World Water Day: A day to reflect, change and prepare
Water is one of our most valuable resources. However, the Earth’s drinking water reserves are limited, with parts of the world facing a true water crisis. Many people are living in countries where clean water is scarce. Population growth, negligent use of water (in particular in agriculture) and the effects of climate change will maintain this trend, according to the UN. Maintaining reliable sources of clean drinking water and the availability of water for food production are challenges to sustainable development.
Roche, like most companies, depends on reliable supplies of clean water. Nearly all of our chemical, biotech, pharmaceutical and diagnostics manufacturing processes involve water as a reagent, solvent, cleaning and/or cooling agent.
To help, Roche has a number of programmes around the world to promote water protection, conserve water resources and improve access to clean water. We are also supporting international and national efforts to save and protect water.
Conserving and protecting water
Our water use has remained relatively unchanged over the past five years, despite the growth of the company. In 2014 we withdrew 18.4 million cubic metres of water, which is roughly the size of 7000 Olympic swimming pools. The majority of this came from municipal sources (47%) and surface water (34%).
More than half of the water we draw is used in cooling circuits, which is returned to the waterways, and only around 15 % of the water used is actually consumed (e.g. water in our products). “Our SHE goal for 2015–2020 is to reduce water consumption per employee by 10%, weighted according to water stress for the local region,” said Peter Schnurrenberger, Group Chief Safety, Security, Health and Environment Officer. “Our approach is to manage and monitor water use locally. Even though most of the sites that use large volumes of water are not located in areas of water scarcity, we adopt conservation and reduction programmes according to local needs,” stresses Peter.
Providing safe water in the workplace
We are also taking steps to ensure that all employees, at all of our sites, have access to clean water, hygiene and sanitation, including signing the WASH Pledge (Access to Safe Water, Sanitation and Hygiene at the Workplace).
“By signing this pledge we hope to set a leadership example as well as help make a positive contribution to universal access to safe drinking water and sanitation,” says Peter.
The pledge was started by the Geneva-based World Business Council for Sustainable Development to highlight the importance of water to the health and productivity of employees.
Doing our bit with smart planning and innovation
Roche Penzberg, Germany, has pioneered many areas of biotechnology, covering the entire spectrum from science to patient. The site has also earned several awards for innovation and environmental responsibility for its self-powered, high-efficiency wastewater treatment plant.
Wastewater from the site is collected and delivered to an onsite treatment plant, where it is treated biologically. One biological treatment step is aerobic, using a high-performance pure oxygen bioreactor. Low load wastewater (industrial and domestic) is treated using a membrane bioreactor with a membrane filtration plant, which retains all bacteria from the water and produces treated wastewater that is “good enough to bathe in” and can be discharged into the river Loisach.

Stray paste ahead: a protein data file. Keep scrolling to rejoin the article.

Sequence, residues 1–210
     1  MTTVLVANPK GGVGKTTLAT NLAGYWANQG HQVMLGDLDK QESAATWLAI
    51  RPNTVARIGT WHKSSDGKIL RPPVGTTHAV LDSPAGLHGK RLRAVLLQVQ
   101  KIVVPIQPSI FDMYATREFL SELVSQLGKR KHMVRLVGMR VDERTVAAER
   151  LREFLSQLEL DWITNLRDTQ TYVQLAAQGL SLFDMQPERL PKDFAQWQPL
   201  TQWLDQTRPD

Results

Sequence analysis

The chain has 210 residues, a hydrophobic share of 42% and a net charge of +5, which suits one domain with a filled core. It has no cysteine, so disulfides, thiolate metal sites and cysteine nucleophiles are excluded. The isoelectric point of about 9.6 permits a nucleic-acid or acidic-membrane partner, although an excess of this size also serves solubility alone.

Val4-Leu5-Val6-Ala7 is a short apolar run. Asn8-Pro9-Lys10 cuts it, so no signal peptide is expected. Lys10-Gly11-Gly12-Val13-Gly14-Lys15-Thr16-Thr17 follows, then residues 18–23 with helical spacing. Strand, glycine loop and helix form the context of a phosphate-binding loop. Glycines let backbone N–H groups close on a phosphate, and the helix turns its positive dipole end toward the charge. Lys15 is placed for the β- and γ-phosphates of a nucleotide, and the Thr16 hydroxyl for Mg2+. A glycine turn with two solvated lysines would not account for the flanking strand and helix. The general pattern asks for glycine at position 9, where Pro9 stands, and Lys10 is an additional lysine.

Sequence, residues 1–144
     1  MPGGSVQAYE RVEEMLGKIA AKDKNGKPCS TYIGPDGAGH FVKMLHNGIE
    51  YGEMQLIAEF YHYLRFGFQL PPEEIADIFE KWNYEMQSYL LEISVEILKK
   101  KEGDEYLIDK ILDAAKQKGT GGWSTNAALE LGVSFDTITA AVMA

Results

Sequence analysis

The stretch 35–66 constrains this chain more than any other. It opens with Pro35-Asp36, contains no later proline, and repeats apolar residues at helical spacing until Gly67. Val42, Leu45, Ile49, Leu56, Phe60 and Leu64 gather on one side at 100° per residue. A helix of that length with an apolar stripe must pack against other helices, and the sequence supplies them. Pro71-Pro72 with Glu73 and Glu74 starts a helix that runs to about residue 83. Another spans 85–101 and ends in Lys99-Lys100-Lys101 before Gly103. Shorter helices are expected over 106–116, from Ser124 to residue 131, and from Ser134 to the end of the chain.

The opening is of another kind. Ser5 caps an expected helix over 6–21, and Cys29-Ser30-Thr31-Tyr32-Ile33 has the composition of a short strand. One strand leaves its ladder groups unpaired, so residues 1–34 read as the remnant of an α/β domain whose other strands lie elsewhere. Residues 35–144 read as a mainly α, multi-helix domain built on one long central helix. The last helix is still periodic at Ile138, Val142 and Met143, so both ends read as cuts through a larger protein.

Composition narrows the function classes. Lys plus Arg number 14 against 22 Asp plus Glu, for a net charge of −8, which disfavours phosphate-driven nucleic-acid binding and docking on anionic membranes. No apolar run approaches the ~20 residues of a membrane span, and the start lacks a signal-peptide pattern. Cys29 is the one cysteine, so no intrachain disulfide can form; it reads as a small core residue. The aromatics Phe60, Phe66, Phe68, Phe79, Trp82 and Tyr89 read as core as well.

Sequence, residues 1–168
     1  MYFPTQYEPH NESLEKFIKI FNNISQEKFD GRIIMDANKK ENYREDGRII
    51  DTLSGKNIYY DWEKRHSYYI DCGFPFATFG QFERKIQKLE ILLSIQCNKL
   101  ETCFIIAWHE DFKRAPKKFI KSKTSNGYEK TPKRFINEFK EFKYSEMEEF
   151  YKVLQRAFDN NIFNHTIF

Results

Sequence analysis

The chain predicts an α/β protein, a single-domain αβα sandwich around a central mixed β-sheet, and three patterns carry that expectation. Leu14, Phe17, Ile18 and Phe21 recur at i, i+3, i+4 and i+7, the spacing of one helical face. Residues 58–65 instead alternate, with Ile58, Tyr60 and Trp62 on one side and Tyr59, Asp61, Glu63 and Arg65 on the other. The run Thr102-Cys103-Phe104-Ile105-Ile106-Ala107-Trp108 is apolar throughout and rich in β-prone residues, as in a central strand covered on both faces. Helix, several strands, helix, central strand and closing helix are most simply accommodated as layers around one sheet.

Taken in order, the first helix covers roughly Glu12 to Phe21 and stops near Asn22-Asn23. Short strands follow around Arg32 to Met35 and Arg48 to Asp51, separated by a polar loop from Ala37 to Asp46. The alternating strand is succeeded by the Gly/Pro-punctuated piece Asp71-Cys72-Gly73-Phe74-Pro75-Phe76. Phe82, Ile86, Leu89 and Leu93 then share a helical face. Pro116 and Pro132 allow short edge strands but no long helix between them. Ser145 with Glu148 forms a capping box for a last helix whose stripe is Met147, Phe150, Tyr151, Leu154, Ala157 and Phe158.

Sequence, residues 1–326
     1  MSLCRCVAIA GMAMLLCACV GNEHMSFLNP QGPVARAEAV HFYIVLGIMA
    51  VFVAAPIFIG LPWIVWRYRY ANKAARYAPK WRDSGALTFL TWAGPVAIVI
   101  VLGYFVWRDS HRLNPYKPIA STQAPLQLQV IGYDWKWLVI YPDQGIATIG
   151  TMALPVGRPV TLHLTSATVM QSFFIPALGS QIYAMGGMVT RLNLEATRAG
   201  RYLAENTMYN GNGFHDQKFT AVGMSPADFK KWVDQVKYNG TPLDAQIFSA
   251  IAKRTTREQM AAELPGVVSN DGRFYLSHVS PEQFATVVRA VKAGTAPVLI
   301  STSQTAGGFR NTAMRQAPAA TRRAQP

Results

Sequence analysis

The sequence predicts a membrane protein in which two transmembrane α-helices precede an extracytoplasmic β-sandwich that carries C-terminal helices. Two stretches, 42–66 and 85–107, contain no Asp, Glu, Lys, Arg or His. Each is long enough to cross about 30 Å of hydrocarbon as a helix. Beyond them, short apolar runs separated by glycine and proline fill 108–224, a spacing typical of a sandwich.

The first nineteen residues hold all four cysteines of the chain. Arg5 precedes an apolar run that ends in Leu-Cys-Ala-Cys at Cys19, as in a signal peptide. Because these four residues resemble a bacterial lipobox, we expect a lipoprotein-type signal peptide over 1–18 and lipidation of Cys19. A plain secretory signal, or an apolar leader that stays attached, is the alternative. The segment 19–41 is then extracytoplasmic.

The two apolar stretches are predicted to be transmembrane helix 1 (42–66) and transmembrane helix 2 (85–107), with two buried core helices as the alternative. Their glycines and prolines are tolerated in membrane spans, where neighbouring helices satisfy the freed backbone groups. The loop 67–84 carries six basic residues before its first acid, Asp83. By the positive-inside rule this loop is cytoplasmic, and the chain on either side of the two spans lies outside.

In another treatment method, highly concentrated waste water is pre-treated using an expanded granular sludge blanket bioreactor. This highly efficient anaerobic process generates biogas with a mean methane content of 72% which is desulphurised and burnt in a combined heat and power unit plant to produce electricity and heat. This heat by-product is then used to heat three production buildings and one administration building.
By moving to anaerobic wastewater treatment, the benefits include approximately 175 fewer truckloads of waste transported from the site each year. Generation of electricity from sources other than fossil fuels reduces our CO2 emissions, and, importantly, as the process produces more energy than we need to run the plant, it changes our water treatment from an energy user to an energy producer.
Based on local needs we instigate water conservation and reduction programmes at most of our sites. Examples include:
- Sites in California that use drought resistant landscaping
- Use of biodegradable water crystals in the soil of plants, lawns and gardens that capture moisture and reduce evaporation of water, thereby reducing irrigation water consumption
- Installing sensor-based hygiene-systems for hand washing in labs (vs. hand/elbow-operated systems), which distributes a defined portion of soap, disinfectant and water, reducing consumption up to 70 percent compared with conventional systems
- Installing a heat-recovery system to capture heat from water used to quench boiler water in order to reduce the amount of water needed, plus save wasted energy
- Collecting and recycling water from cooling towers (closed loop system), reducing cooling requirements and improving cooling processes.
World Water Day 2015
World Water Day is marked on 22 March every year. It’s a day to celebrate water. It’s a day to make a difference for the people who suffer from water-related issues. And it’s a day to prepare for how we manage water in the future.
The theme for World Water Day 2015 is Water and Sustainable Development – how water links to all of the areas we need to consider to create the future we want. Learn more: https://www.compassionuk.org/blogs/world-water-day-water-photos/